Another thing you might want to do if you get a pup is ask if he or she has had a hearing test since the biggest health problem with dalmatians is being deaf.
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Fritz

Fritz, cats are- fun when they- run
 
 
Barked: Mon Dec 10, '12 5:36pm PST 
My Dalmatians danced instead of running, they loved my horses and would stay with us when out riding. Pongo (shrug my husband named him) would smile at me with his eyes and ears if I grabbed his tail when he ran past. Specs would swing his butt at me to be petted and now and then hit me in the knees just right and knock me down.

I have a different mind set, perhaps, because I would be worrying about protecting the dogs from the children, not protecting the children from the dog.
If your nieces and nephews are your focus, maybe you need a dog that is known to get on with children. If dogs are your focus, figure out how to keep your dog safe when the kids are visiting.
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Tiller- (Skansen's- Ira in the M

I DO Exist...To- Drive You Batty
 
 
Barked: Mon Dec 10, '12 5:57pm PST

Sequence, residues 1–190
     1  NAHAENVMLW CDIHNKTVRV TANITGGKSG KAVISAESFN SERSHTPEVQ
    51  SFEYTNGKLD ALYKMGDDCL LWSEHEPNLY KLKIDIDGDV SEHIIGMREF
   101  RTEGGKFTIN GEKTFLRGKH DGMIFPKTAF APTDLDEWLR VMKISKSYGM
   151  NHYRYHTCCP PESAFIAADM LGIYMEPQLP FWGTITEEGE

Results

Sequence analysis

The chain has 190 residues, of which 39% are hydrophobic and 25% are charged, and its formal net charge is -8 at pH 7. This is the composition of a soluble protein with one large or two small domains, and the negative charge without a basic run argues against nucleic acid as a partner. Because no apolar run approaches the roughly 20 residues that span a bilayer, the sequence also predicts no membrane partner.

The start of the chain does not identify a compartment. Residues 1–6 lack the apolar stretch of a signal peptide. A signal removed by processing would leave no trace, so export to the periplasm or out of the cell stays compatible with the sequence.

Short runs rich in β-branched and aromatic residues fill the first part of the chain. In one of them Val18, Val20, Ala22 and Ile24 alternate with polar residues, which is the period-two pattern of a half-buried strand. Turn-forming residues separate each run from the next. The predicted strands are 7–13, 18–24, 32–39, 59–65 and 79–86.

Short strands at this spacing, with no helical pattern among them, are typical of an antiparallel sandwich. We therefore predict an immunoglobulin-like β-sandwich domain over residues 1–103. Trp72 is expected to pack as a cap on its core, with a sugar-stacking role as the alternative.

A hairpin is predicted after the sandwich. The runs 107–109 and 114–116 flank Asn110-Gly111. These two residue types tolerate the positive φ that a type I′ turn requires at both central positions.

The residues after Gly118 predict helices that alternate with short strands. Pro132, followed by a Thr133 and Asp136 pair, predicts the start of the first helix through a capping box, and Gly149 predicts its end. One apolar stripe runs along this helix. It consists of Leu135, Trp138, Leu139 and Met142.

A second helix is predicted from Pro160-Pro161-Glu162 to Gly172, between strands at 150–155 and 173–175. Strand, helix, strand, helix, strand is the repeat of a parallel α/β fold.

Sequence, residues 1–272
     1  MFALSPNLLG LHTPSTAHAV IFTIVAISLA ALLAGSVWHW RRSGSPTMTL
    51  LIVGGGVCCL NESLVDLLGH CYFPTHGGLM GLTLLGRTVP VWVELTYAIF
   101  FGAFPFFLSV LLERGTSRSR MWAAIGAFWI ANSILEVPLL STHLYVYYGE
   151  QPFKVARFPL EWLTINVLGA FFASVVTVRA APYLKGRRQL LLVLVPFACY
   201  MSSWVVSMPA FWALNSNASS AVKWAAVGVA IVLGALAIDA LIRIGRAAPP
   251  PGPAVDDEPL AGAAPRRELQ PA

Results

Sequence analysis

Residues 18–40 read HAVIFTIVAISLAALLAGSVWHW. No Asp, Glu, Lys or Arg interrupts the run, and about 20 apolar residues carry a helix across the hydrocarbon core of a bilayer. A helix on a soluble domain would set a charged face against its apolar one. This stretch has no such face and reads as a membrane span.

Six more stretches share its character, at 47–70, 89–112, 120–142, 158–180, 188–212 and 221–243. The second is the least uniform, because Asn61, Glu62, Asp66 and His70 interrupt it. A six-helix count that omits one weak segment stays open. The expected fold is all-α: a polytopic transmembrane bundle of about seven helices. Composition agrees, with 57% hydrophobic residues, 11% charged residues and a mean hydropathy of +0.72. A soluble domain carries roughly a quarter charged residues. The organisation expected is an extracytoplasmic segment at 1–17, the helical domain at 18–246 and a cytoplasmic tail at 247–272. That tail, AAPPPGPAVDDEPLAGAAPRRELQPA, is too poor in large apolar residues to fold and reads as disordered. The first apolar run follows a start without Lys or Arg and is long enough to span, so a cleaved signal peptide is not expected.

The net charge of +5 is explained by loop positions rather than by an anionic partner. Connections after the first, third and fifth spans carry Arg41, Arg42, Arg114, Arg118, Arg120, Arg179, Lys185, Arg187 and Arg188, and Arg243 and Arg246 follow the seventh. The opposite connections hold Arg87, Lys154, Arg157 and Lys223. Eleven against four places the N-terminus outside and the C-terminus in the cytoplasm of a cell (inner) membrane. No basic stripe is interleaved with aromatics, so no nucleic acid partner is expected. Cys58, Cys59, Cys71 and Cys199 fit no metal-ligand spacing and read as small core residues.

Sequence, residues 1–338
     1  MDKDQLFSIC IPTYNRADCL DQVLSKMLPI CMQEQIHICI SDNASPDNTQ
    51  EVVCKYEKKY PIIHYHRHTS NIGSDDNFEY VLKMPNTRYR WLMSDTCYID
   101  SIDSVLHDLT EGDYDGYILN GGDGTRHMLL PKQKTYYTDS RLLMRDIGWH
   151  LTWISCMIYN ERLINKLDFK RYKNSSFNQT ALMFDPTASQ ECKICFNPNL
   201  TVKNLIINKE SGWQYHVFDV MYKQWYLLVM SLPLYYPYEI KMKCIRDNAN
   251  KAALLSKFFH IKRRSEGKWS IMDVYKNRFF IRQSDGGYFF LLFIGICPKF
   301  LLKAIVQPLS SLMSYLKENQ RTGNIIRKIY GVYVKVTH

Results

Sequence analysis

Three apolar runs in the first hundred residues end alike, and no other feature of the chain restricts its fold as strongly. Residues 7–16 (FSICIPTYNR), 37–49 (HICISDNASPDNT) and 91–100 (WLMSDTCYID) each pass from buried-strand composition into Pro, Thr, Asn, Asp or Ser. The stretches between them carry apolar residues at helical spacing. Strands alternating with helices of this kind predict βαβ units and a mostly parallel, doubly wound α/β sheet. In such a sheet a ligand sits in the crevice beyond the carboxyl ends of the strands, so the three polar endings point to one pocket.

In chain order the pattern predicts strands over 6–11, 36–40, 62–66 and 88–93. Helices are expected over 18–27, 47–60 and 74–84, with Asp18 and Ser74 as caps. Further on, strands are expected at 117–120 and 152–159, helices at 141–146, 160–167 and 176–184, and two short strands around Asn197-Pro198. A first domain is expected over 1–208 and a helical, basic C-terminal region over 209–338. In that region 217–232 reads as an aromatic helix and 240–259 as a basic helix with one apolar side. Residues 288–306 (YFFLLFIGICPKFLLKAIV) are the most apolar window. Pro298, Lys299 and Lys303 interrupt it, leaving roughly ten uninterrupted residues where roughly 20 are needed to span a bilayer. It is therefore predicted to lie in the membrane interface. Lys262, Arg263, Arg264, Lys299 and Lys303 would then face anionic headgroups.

"You should really be looking at this from the perspective of, "At this breed's worst, can I handle it?" Rather then, "Maybe if I look hard enough I'll find the perfect dalmation that fits me."

Words cannot express how much I endorse this sort of logic, and wish people would get that more.

When considering a breed, ANY breed, you need to look to see what they CAN be, where they CAN go, and decide if you are up to handling that and/or if it fits within your life. It took me ten years to decide that I ready for a Giant Schnauzer. I still don't have my Irish Setter, for while I know there isn't much I can't handle at this stage with all my mentorship, decades of training exposure and experience and a willingness to totally dedicate myself, I cannot responsibly take that breed on until I either have or have access to land. I can't really humor myself that I could go on multiple long walks a day (which I can and do), have a quarter acre fenced yard, and will be sure once a week to letting him run free in a larger space. I am realistic as to what that breed was meant to do and until I get my lifestyle closer to that root, may fall short of my dog, and that isn't fair. He may suffer problems, none that I couldn't handle in a training and management expertise sense, but on sheer access and environment.